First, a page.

These extracts demonstrate, that although the personnel of the Australian Defence Force sought to carry out their fundamental duties, they were often restricted by the instruction to await the advice of the senior officials of Defence and PM&C or, more disturbingly, a decision from the Prime Minister himself. Further, the extracts below demonstrate that even in the most desperate and distressing of circumstances, Defence personnel were inhibited in their ability to assist because they were forced to wait for instruction from Federal Government.


Adelaide 7 October

08.35 z Boarding Party has disembarked SIEV. Awaiting intentions from HQNORCOM

08.50z CO 1MC PIPE: Holden won Bathurst and the PM gave permission to tow vessel to a place undetermined yet

15.49z SIEV RQST DR, I SUNC vomiting blood & gone into shock.

Adelaide 8 October

07.38z SUNKS becoming agitated as the current course and swell means we are taking on water. 1.13M of water and increasing

07.51z C B Request to move children & women off.

09.39zPossible SUNC over the side of SIEV. Request stop tow 5cm water stbd side of deck causing lg amount of panic

09.41z CO denies request

09.44z water level increasing rapidly 120cm water doubling, believe serious damage to the bottom of SIEV

09.48z continuing to take on water. CO, Remove personnel aft and 02 deck.

09.49z 110cm water at shallowest point. We are not sinking but taking on lg amounts of water. Believe the boat is slowly sinking

10.09z C B Recommend we put people in the water (x2)

10.29zAll personnel have departed SIEV 4

10.36 Contacting parliament on crisis

10.42z A total of 4 liferafts in the water

11.00z RHIB’s instructed to bring children onboard Adelaide


Adelaide 8 October

16.41 5cm free surface water on STBD side of SIEV, BPO RQST to stop, CO stated negative, to not be reactionary to SUNCs requirements

The interference by senior officials of Defence and the public service in the daily operations of the Australian Defence Force is unprecedented. However, also unprecedented is the way in which some senior officials of Defence then allowed the Government to disguise the situation to protect their political position. Perhaps the most obvious examples can be found with Navy Chief Vice Admiral David Shackleton, Chief of Defence, Admiral Chris Barrie, Rear Admiral Geoffrey Smith and Department of Defence Secretary, Dr. Allan Hawke.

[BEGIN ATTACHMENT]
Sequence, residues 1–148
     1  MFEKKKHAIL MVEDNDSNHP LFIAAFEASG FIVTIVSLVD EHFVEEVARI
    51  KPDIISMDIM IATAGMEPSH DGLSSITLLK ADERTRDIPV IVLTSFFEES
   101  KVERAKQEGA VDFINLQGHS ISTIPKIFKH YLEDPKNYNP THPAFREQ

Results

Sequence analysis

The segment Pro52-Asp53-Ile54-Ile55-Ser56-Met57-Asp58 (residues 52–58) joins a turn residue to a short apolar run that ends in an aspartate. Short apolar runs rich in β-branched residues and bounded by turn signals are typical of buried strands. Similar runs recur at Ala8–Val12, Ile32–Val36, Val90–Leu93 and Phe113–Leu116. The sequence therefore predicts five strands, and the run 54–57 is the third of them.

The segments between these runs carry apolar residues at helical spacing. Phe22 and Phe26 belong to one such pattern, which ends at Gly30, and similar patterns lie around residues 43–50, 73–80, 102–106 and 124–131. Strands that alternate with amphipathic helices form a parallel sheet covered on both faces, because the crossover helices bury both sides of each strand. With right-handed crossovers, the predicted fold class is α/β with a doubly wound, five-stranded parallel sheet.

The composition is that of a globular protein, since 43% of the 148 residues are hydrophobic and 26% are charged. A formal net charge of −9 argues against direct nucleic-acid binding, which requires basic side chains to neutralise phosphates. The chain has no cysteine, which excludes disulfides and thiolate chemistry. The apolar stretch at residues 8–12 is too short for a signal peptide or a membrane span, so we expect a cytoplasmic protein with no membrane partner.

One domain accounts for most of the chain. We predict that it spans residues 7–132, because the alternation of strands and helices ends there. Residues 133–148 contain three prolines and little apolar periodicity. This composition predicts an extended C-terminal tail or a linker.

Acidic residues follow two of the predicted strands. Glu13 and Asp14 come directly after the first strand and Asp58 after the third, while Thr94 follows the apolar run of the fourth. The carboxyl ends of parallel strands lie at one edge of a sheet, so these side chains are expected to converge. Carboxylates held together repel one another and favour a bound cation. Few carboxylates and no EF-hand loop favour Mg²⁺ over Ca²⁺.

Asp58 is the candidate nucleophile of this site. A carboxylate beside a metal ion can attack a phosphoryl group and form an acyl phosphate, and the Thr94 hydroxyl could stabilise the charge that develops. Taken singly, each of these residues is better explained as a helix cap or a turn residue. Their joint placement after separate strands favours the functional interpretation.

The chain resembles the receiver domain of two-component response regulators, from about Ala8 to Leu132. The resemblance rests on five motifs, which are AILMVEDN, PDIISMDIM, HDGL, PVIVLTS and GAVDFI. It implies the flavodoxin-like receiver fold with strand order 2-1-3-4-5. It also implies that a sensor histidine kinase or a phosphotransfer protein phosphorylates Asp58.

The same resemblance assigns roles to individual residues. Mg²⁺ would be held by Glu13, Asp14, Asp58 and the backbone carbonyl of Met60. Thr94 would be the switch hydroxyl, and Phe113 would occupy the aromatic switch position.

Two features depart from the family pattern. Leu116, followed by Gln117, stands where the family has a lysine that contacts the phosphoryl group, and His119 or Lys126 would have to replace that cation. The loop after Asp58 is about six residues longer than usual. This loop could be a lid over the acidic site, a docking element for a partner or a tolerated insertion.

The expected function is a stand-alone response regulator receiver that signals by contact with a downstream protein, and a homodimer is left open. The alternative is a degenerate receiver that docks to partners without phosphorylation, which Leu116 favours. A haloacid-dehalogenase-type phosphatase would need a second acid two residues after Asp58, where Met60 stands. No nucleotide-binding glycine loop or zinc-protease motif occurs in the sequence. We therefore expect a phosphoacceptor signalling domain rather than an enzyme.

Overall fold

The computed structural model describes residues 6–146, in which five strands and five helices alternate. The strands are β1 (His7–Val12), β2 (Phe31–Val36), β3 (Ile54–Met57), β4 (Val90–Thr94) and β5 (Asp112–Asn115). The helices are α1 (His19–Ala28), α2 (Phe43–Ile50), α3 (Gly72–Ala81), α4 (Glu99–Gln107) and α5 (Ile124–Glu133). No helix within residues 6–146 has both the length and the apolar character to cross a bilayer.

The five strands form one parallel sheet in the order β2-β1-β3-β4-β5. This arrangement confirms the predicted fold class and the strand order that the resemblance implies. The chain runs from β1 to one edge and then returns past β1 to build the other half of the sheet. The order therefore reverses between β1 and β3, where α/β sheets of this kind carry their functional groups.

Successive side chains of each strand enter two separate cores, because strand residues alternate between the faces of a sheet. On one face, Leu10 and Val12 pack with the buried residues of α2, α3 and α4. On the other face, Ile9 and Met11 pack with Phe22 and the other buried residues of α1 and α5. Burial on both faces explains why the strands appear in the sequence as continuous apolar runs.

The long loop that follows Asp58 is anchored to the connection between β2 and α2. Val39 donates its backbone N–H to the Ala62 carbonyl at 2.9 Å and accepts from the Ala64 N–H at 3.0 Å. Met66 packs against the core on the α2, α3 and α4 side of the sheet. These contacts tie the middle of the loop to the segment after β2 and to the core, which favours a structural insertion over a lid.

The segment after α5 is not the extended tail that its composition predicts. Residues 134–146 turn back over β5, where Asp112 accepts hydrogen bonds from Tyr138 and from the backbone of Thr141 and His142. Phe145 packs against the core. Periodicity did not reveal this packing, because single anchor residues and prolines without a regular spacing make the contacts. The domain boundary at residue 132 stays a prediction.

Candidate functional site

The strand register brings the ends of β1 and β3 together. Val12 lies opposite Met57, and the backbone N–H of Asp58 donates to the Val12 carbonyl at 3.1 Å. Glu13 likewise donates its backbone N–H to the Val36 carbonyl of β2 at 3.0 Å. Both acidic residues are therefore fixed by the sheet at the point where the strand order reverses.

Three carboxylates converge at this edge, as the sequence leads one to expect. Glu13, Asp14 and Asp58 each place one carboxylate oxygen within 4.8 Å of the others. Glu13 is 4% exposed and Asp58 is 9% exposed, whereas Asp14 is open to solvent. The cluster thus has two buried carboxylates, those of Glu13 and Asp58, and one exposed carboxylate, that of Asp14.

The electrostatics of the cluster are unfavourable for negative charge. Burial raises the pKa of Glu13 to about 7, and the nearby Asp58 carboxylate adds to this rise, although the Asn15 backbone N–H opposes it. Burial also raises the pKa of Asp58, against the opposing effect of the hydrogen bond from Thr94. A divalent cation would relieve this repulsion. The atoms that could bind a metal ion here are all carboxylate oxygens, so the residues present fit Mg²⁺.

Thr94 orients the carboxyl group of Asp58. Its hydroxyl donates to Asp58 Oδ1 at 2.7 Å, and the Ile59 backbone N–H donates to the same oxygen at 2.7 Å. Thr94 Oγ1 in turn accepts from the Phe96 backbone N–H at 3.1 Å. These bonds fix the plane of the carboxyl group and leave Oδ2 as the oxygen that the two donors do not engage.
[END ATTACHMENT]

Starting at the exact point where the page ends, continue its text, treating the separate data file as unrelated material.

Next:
Admiral Barrie can be commended for maintaining the SOLAS imperative when rescuing SIEV 4 passengers from the water in a heated exchange with the Secretary of the Prime Minister’s Department, Mr Moore Wilton. However, the similarity between his attitude and that of Mr Moore Wilton that the original report had never been disproved (i.e. prove that pigs can’t fly) is alarming. This denial has been the source of much of the negative attention of Defence which followed.

Similarly Vice Admiral Shackleton sought to correct the record on the advice that came from Navy about the incident but he appears to have succumbed to political pressure later in the day when he clarified his statement in a way which withheld vital elements of the whole truth.

Rear Admiral Smith needed to clarify his original testimony to the Committee when advised that Rear Admiral Bonser from Coastwatch would testify detail regarding the state of knowledge about SIEV X inconsistent with Rear Admiral Smith’s blanket assurance that ‘the first time Navy knew that this vessel had sailed was when we were advised through the search and rescue organisation in Canberra that this vessel may have foundered...’

Rear Admiral Smith also declined to amend his evidence on the conduct of asylum seeker on SIEVs – known as the Smith Matrix – when the evidence became clear that a purported ‘strangulation’ incident had not, in fact, occurred.

As for the Secretary of the Department of Defence, Dr Hawke, he has admitted that he ‘could have or should have taken a more active involvement’ in the provision of advice. At the time he was happy to sit behind Admiral Barrie’s ‘considered position’ and the Minister for Defence’s communication directive.